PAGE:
Our noses, along with our eyes and mouths, are the facial points of our appearance, and whether you love or hate your nose, you have to give it credits for its diverse and impressive abilities.

Adding to the fact that we breathe through it, the nose contributes to preventing infections and works to determine the smell and taste; it also has an impact on the depth of our voice. Below is a set of interesting facts about our noses:

1- There are at least 14 different forms of the nose!

Many specialists agree that the 14 classifications are unable to include all forms of the nose, which is determined by the shape of the nasal bone and the shape of the upper and lower side cartilages, so any difference in these three parts may result in a completely new and different shape. The 14 major classifications range from the Greek to the overhanging, long nose, and other shapes.

2- Your sneezing method may be genetic

When we smell the scent of an irritant, such as black pepper or dust, a group of reactions occurs in our bodies to flush out these irritants. Sneezing is a nervous reaction, and the tissues are very similar within the same family. All the muscle procedures, including smiling and laughing, are also similar among family members.

3- The nose grows downward

When we reach the age of 10 years, the shape of our nose will be determined, and it will continue to grow in females until the age of 17, and until the age of 19 in males. However, with the passage of time and years, the nose becomes longer and begins to drop due to the constant gravity, and the collagen in the skin decreases with age.

4- The nose works as a moisturizer and air cleaner

When the air that we inhale passes through the nose, the corneas of the nose moisturize it, because the throat and lungs are unable to withstand dry air, which is why we feel dryness in the throat when we breathe for long periods of time in the mouth instead of the nose. The nose also works to clean and filter the air we breathe from dust, dirt, bacteria, and allergens, through epithelial cells with mobile cilia that line the nasal cavity.

5- The nose can identify more than 10,000 scents

When we inhale any odor, its molecules enter the nose and spread through a group of functional olfactory receptors, which in turn transmit chemical signals to a central processor in the brain called the olfactory bulb, which is responsible for recording odors. People have approximately 12 million cells of functional olfactory receptors, the number of which decreases with age, which is why older people are less sensitive to odors.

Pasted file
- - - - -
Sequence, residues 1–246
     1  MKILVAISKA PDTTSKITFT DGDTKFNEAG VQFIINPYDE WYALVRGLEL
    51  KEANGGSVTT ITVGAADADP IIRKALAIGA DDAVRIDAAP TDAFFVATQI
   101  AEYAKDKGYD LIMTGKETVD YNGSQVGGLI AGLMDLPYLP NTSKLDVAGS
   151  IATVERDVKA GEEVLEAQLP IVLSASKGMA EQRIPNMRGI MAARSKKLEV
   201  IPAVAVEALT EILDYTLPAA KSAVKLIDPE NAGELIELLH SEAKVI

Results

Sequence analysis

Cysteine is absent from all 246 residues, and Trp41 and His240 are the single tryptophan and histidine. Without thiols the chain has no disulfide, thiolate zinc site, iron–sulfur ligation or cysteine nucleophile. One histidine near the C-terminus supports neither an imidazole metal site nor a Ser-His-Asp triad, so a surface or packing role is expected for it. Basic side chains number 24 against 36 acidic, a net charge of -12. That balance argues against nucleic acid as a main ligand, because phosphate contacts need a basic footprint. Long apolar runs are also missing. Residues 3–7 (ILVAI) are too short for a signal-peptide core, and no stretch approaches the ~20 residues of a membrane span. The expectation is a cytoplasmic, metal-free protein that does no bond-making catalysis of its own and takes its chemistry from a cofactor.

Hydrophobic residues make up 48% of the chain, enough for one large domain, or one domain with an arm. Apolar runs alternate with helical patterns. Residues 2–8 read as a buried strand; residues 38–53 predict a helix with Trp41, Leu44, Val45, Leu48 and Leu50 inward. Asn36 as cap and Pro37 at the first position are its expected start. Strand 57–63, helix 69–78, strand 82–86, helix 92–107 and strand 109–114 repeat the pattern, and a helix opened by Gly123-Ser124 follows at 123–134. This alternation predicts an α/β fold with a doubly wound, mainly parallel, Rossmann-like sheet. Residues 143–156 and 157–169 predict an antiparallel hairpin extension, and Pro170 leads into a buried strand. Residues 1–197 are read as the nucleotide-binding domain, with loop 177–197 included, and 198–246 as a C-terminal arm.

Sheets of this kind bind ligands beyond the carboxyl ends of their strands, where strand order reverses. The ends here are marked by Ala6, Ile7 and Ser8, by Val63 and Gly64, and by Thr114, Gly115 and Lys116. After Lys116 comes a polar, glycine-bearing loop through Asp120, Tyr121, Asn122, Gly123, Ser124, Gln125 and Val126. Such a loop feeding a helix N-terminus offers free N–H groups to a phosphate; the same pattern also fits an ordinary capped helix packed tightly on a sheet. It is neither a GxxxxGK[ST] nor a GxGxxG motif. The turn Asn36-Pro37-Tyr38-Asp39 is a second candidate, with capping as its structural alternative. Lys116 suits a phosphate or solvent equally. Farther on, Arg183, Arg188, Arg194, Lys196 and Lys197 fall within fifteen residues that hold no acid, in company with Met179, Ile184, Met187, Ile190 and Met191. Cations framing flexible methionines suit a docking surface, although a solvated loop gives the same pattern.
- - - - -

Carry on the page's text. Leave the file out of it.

6- The nose is linked to the memory center

Odors are directly related to the limbic system; It is the part of the brain that is believed to be responsible for attributing emotion to events. The smell is the only sense among the five senses that have direct paths to the hippocampus in the brain (the part that contributes to the formation of memories) and to the amygdala (which addresses emotion and memory).

7- The nose has an effect on the pitch of your voice

Much of what we hear from others when they speak or sing has to do with the resonance that occurs in the structure of both the throat and nose. The degree of sound is determined by the way it is treated in the nose and throat after it is produced in the throat. The sound of a person suffering from a cold and allergy is due to the loss of this nasal resonance because the air cannot pass through the nose.

8- The nose regulates the temperature of the air you breathe

In the same way that the throat and lungs don’t like dirty air, they don’t like very hot or very cold air. When the air passes through the nose, its temperature becomes similar to the human body temperature. And because we spend more time (98.6%) in an environment in which temperature is less than the body temperature, the process of heating cold air in our nose is much more than it does the process of cooling hot air in it.

9- Our nose works to protect us!

The sense of smell is necessary for our safety. It is through the smell of smoke that we may discover a fire. We also smell spoiled foods and thus avoid eating them.

10- Some smells that the nose cannot smell are fatal

Although the nose is very sensitive, it cannot smell the natural gas used in heating homes and cooking, so gas companies add a compound of thiol to it to give it a noticeable smell so that we can detect if there are any gas leaks. Toxic carbon monoxide is another type of gas that is odorless and may cause death when inhaled.

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